Below is a list of the most famous sequoia trees which were cut to display the true massive aspect of the California Sequoia to the world. Some of the history of the many exhibited trees travels has been lost in the mists of time and many of the history's that i have heard conflict with one another as information and even the individual trees were sometimes confused. However, given that disclaimer, here in brief, is what i have heard of the details and movements of ones i am familiar with.
California Stump, Mountain Home Centennial Tree/Captain Jack Tree, Grant Grove Centennial Tree, Mountain Home Chicago Stump/General Noble Tree, Converse Basin Dead Giant, Grant Grove Discovery Stump, Calaveras North Forest King/Big Tree, Nelder German Tree, Mountain Home Japan Tree/Ram's Horn Stump, Mountain Home Los Angeles Tree, Mountain Home Mark Twain Tree/Stump, Big Stump Grove Mother of the Forest, Calaveras North Nero Tree/Stump, Mountain Home Swedish Tree, Mountain Home Worlds Fair Stump, Mountain Home
And another Unnamed Tree off Summit Road in Mountain Home which is currently giving up rounds for new exhibits. (above)
California Stump, Mountain Home: the California tree was one of 3 exhibition trees known to have been felled by John Mckiearnan. It was located a quarter mile south of the centennial stump and reported to be 76 feet in circumference at the base when it was felled. When it was cut down it was sent to Fraiser Mill and broken into 8 pieces for the exhibit. it was sent from there to Porterville where Mckiearnan sold it . It was supposed to be destined for New Orleans via Texas, however no information is known about its whereabouts or progress after that point.
Centennial Stump, Grant Grove: in the summer of 1875 the Captain Jack Tree in grant grove was felled by a logger Named Martin L Vivian for a centennial exhibition in Philadelphia in 1876. This created the groves 22 foot in diameter centennial stump. The tree cuttings ended up in the side show tents for the centennial and the first worlds fair to be held in the united states; and was greeted as a hoax since it had to be cut into sections in order to be shipped, so the public did not believe that it was actually one tree. later on the remaining stump was used as a class room by teachers and school children from the area.
Centennial Tree, Mountain Home: the centennial stump is in the area east of Fraiser Mill and Hercules and was possibly once a contender for the very largest tree in the grove. In a venture to display the "biggest tree in the world" it was cut down in the late 1870's by John Mckiearnan and a couple partners. It was reported to be as large as 111 feet in circumference at the base, 26 foot diameter at the cut and about 200 feet tall. A ring count was done on the stump that showed it was 3000 years old. It was the first known effort by Mckiearnan to provide the world with an exhibition tree.
To cut it down a scaffolding was built around the tree 20 feet up its bole and the majority of it dropped, all but the lower two dozen feet. The fallen upper part was used to make fence posts; however the lower part was then hollowed out while still standing like a handle-less mug, and then the remaining outer staves were ripped vertically in 15 equal sections of 14 feet height, and identified so as to be reassemble-able later. This exhibition part of the tree was carted down the mountain to the local area of the foothills and then sent west to San Francisco to be shown to the public there. Mckiearnan and his local partners then sold it off to other promoters, unfortunately at a loss per the partners at the time.
The actual year of its cutting is not definitively known, and there is speculation as to whether it was named Centennial as a tree because it first appeared in 1876 on a map, or if it was intended to be used in one of the centennial celebrations which may or may not have happened.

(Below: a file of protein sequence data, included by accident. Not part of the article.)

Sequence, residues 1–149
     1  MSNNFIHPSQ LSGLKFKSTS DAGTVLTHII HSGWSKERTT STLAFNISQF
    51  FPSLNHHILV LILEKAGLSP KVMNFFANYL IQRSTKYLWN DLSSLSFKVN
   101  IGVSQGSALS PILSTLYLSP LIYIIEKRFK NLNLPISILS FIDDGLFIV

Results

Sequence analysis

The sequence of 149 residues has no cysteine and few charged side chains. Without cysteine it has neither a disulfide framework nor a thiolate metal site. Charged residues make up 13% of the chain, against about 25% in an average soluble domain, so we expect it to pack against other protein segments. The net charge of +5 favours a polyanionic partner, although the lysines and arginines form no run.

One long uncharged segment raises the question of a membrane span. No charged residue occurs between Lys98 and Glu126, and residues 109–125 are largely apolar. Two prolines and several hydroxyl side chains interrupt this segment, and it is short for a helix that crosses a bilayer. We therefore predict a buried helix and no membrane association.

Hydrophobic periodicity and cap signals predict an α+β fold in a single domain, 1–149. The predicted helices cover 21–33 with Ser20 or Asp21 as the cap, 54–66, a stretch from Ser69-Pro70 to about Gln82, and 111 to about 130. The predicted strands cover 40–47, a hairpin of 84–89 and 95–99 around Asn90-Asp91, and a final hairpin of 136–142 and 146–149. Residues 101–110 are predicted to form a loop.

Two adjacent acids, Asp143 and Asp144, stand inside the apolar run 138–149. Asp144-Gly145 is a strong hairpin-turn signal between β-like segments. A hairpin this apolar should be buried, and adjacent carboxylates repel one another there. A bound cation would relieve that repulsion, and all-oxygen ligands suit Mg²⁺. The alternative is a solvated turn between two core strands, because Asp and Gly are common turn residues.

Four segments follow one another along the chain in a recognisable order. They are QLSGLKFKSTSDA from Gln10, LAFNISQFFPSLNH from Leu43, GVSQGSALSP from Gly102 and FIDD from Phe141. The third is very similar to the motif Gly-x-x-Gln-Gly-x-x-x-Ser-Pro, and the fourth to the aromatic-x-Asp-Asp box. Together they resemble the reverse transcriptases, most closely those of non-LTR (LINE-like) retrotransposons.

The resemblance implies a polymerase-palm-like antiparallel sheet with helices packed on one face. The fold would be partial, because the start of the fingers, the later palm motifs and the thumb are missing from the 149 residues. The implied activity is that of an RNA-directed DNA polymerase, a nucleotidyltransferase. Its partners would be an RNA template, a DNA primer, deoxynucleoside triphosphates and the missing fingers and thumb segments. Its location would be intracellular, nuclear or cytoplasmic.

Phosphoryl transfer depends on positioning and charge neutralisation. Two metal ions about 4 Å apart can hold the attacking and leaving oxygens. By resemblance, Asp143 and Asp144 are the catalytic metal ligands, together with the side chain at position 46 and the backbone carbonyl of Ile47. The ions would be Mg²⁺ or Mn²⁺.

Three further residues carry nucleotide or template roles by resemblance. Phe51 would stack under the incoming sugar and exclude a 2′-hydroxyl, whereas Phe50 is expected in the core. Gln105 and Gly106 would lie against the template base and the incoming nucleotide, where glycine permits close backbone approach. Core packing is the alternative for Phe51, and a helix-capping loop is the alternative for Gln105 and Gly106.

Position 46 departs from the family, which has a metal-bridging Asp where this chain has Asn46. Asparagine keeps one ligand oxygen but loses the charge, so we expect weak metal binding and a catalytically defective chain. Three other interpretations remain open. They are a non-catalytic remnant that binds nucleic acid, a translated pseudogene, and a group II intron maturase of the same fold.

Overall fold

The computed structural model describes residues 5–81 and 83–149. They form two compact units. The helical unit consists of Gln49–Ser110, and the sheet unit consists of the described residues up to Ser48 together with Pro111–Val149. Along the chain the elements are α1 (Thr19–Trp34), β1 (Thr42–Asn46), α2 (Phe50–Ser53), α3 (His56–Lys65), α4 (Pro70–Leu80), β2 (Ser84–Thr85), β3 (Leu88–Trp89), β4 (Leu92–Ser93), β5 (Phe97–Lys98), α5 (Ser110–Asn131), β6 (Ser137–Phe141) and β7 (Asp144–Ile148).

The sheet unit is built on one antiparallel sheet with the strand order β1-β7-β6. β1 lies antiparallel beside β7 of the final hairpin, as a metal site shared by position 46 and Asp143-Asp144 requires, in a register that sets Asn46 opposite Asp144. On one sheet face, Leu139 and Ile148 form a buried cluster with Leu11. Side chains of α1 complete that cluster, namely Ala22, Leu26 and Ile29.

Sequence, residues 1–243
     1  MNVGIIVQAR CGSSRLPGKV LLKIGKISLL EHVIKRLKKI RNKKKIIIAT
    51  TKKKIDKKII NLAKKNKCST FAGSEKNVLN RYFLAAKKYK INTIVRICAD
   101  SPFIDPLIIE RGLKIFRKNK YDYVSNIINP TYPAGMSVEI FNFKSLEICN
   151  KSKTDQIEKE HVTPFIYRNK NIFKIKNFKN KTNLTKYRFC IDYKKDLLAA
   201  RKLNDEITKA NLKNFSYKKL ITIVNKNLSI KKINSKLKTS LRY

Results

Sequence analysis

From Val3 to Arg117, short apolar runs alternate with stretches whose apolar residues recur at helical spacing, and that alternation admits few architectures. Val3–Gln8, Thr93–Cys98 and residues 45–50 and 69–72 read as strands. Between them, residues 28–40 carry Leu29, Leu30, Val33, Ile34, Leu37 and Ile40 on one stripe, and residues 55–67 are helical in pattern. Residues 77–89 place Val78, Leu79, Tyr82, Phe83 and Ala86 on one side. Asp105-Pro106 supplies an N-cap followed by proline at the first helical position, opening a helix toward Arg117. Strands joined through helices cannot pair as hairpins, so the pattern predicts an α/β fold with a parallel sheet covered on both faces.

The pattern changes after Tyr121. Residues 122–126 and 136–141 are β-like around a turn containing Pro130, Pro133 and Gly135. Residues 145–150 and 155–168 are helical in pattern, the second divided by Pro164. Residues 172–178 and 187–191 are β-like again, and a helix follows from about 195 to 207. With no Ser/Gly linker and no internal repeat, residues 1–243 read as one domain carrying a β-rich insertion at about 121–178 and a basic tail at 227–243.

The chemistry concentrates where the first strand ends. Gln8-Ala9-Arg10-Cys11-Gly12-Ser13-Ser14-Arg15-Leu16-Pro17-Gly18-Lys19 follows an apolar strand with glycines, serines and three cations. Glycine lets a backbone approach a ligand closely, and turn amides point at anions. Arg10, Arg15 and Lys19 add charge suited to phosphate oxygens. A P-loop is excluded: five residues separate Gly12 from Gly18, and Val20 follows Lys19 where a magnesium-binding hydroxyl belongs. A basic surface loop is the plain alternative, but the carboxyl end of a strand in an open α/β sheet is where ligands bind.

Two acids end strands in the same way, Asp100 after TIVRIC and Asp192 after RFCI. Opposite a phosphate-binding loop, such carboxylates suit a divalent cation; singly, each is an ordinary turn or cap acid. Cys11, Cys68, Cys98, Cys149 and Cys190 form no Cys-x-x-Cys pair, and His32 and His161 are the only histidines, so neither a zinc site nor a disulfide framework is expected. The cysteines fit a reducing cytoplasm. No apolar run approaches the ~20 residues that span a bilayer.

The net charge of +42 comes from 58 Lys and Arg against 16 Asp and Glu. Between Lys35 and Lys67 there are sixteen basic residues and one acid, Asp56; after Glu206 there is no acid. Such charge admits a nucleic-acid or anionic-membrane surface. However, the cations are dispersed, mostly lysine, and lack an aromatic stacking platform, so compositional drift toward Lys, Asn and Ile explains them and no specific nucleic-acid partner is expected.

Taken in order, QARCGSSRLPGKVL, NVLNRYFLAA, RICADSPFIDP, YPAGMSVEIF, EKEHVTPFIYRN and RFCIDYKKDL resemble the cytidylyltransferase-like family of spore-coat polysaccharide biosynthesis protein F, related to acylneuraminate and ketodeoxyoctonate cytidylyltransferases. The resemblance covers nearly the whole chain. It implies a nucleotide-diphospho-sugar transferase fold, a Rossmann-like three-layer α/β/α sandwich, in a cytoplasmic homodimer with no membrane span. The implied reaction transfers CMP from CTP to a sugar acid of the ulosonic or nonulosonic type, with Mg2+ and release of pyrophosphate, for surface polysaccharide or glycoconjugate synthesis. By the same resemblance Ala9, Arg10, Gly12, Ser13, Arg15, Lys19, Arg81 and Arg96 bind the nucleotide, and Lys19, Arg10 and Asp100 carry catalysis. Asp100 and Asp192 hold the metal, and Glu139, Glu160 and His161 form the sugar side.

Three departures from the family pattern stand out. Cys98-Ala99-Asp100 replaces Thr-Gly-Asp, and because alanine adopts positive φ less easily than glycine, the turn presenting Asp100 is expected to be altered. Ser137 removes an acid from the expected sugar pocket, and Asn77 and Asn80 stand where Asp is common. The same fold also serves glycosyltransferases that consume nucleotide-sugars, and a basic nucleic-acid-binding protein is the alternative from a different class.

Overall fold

Chicago Stump/General Noble Tree, Converse Basin: The General Noble Tree, named after the then secretary of the interior and former civil war general John Willock Noble was one of the largest in converse basin grove at slightly over 300 feet tall and with a base circumference of 81 feet. It was cut down in 1893 for a Chicago exhibition, the same year; thus was born the Chicago stump, an impressive one of 26 foot diameter. Before its felling the tree was 3200 years old as measured by ring count and reputedly it took 18 men with outstretched arms to fully encircle the tree. After the tree was cut it was reported to be 19.5 feet across at 50 feet from the ground, a very large tree.
To prepare it for exhibit the tree was first cut off at about 50 feet up and then uppermost 30 feet of the remaining standing section was hollowed and cut into two 14 foot exterior sections separated like barrel staves and one full cross section round of two foot thickness. It was then transported to Chicago for an exhibit for the World's Columbian Exhibition celebrating 400 years in the new world since its discovery by Columbus. The two 14 foot barrels were then re-assembled with the solid cross section between them and a set of stairs between to make a two floor tree house inside the rotunda of the government building during the fair. After the Chicago fair the exhibit was moved to the the mall of the Smithsonian in Washington DC, and given a roof with a window where it was used as a tool shed until 1932.
Dead Giant, Grant Grove; This tree was Girdled by the same speculator Mr Stegman that later cut down the Forest King in Nelder. He began by removing a complete circle of bark on the Dead Giant tree in Grant Grove, however public outcry on the fatal tree operation in the local news caused him to give up on this subject and move his attempts to the less well known and regulated Nelder grove for another victim. Unfortunately his attentions had already assured the trees untimely demise.
Discovery Stump, Calaveras North: This was the first of the exhibition trees. The tree was felled by its discoverer Agustus T. Dowd in order to convince a disbelieving world of the existence of the massive trees. The tree was felled using long pump auger drills primarily, and took 5 men 22 days to perforate all the way, repeatedly, approx 24 feet thru in a crisscross pattern both directions. Still it did not fall immediately, it was the wind that brought it down several days after their drilling stopped and not the lumberjacks wedges. The discovery tree at the time Dowd found it was 25 feet in diameter at the base and at least 280 feet tall, but only 1244 years old as measured from the stump rings.